3 comments:

Deb said...

Sometimes, just by accident, you DO find out you've touched somebody. Most of the time, it's a secret God holds close to His heart, and we won't find out 'til we're hanging out with Him, face to face.

However -- last September I went to a writers' conference and except for quality time with a T1 who shall remain otherwise unidentified, had a dismal conference. I wasn't "there", in a sense. I was invisible. I had an agent say, "Well, this doesn't look very interesting" when I pitched her a project. One person stopped a conversation with me when a high-profile, popular writer walked past the room. Like, those things don't feel too good.

But apparently (and I don't remember doing this) I stopped to pray with another writer who was having a similar low-ebb-event. I must've blanked this encounter. But this month, when she and some others came to Chicago, she ran to me, threw her arms around me, and thanked me for praying with her. I must've looked shell-shocked, because she told me her side of the encounter. The way she tells it, it turned everything around for her.

And I didn't know. I was too busy focusing on my own private pity party. Poor me, bad conference.

No. Good conference. I just didn't know it 'til now.

Donna Alice said...

This is so true--we can't always see how our writing affects other people. I found this out as Deb did recently. Visiting a friend who had survived cancer and her Mom's stroke, she started to talk about two letters I had written to her. They were just normal letters--we wrote hundreds to each other each year--and I never gave them a thought. Two were especially memorable for her. In one she'd asked why she was born and I had said a few simple things. The other I'd written after her Dad's death.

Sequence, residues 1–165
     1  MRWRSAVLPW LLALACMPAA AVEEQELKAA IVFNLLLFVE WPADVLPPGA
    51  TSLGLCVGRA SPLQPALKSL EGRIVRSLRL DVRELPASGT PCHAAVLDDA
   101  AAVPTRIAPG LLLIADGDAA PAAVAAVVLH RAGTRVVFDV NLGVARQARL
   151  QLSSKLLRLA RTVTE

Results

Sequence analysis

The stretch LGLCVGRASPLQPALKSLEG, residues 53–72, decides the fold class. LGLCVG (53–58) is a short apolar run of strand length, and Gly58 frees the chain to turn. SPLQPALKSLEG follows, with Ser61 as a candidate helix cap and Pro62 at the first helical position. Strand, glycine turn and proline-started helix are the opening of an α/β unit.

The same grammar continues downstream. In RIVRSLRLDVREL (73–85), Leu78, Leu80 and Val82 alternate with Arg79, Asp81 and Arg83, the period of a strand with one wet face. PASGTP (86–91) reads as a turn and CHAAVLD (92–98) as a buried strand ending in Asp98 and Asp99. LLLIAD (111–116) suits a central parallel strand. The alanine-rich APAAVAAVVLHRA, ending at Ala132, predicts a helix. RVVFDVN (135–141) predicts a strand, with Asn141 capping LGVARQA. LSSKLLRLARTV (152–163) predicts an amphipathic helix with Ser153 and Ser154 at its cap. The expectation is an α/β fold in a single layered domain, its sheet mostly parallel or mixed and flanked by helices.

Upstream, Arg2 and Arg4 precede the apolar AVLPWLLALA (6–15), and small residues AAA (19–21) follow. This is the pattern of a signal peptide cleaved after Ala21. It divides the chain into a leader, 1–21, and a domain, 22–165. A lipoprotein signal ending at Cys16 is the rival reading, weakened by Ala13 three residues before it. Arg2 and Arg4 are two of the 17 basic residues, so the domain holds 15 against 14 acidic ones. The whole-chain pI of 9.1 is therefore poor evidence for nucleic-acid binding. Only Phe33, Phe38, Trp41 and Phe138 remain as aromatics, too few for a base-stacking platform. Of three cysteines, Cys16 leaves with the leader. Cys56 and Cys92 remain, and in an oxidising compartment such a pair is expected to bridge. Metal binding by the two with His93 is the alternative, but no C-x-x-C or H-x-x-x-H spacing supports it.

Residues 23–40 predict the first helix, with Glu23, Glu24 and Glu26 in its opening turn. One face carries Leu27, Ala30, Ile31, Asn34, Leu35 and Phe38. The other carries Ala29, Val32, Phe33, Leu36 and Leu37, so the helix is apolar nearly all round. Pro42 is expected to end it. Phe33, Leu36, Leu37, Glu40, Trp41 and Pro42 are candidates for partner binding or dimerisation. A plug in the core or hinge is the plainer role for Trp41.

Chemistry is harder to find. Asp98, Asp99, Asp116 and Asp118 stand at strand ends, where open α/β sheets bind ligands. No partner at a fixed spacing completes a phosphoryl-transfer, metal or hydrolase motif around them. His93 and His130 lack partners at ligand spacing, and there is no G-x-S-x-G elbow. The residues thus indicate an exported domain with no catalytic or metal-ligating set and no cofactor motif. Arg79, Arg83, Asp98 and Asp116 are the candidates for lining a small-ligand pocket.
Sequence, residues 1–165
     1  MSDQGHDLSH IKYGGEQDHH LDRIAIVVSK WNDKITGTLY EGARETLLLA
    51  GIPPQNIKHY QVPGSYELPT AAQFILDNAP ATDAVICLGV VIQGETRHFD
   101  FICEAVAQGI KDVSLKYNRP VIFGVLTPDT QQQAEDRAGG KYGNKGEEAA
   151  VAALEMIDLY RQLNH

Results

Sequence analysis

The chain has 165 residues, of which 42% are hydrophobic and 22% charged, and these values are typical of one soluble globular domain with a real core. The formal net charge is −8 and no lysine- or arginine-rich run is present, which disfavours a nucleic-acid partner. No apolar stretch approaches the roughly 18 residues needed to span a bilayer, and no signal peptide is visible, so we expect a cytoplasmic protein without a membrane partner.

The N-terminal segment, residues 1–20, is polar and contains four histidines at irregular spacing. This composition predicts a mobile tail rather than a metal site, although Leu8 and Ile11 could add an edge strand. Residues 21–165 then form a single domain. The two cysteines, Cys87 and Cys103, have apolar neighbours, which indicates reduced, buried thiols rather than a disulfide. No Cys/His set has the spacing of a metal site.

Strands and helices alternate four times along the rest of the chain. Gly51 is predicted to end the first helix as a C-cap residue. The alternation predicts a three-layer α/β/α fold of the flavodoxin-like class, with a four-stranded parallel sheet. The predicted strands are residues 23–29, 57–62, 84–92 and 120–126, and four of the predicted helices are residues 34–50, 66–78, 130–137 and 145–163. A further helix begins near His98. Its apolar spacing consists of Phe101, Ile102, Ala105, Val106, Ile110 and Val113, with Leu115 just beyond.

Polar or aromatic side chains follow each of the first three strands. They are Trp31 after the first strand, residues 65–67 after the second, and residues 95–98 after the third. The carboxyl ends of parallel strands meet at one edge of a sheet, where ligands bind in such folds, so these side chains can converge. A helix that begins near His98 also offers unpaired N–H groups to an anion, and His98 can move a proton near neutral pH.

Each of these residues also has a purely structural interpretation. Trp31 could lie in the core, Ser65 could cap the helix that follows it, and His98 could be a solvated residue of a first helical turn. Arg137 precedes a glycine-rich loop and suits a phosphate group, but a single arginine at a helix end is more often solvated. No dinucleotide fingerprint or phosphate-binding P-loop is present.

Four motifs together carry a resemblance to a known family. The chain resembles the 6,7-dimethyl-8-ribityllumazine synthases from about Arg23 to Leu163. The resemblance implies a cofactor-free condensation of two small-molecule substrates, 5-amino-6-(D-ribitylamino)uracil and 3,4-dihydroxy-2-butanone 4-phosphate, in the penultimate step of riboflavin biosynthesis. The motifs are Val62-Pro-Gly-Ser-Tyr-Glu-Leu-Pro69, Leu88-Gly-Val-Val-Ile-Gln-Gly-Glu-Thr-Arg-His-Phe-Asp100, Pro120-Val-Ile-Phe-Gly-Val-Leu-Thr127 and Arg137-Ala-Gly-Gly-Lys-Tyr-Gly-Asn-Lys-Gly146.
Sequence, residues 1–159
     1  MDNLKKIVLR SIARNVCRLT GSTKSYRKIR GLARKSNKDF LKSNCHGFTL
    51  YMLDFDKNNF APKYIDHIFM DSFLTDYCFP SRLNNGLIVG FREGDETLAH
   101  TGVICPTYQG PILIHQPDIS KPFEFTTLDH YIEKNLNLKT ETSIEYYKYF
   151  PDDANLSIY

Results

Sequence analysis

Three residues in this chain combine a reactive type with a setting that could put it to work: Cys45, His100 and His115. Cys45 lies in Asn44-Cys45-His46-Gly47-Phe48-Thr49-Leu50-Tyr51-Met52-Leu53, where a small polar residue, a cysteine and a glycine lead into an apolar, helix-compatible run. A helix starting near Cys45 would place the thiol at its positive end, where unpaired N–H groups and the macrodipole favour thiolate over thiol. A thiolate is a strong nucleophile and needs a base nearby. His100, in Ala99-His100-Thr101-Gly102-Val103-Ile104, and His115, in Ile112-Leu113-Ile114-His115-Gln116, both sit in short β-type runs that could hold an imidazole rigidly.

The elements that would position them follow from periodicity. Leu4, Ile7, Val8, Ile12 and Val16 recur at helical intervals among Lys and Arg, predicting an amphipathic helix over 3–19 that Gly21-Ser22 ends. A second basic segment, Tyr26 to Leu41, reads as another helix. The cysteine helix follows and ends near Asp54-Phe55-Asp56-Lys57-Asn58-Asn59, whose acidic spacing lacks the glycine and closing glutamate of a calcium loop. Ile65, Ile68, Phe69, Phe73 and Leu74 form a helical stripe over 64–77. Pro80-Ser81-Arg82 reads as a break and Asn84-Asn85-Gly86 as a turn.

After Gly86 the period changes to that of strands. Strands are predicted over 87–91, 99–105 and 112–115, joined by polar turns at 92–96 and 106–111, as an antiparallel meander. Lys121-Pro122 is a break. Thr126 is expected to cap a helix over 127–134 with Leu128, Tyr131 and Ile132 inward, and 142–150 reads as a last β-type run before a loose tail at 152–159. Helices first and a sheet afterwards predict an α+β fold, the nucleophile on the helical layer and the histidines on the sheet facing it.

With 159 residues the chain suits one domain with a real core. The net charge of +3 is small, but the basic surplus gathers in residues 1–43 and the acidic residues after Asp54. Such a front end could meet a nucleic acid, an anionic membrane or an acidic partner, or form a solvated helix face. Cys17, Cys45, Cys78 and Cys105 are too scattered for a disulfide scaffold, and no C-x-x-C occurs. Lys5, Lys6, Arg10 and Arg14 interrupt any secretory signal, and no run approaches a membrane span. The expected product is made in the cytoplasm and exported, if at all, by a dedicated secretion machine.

I never thought of a letter as being able to change anyone's life--but they did.

Maybe none of us will be another Margaret Mitchell or Helen Keller, but we can "brighten the corner where we are" with our words.

On a very uninspiring day, I feel very inspired by your pep speech! You made my day and I'm sharing this one with my friends.

The Koala Bear Writer said...

I would like to write a story someday based on all the little encounters that we have in our days with other people - coincidences, some people would call them - that impact them somehow, though we never know. There's a country song on the radio about a man who stops to help a woman change her tire; she stops in a diner to get dinner, and leaves a big tip for the waittress; the waittress goes home to her husband - the man who changed the tire. The connections aren't always quite as direct as that, but we're all connected somehow and touching those around us. Maybe it's just a smile. A hello. A letter. A story. A phone call. But it makes a difference. We know those things in our own lives - why do we doubt that we also influence other people as we ourselves have been influenced?

Great thought-provokers, Janny!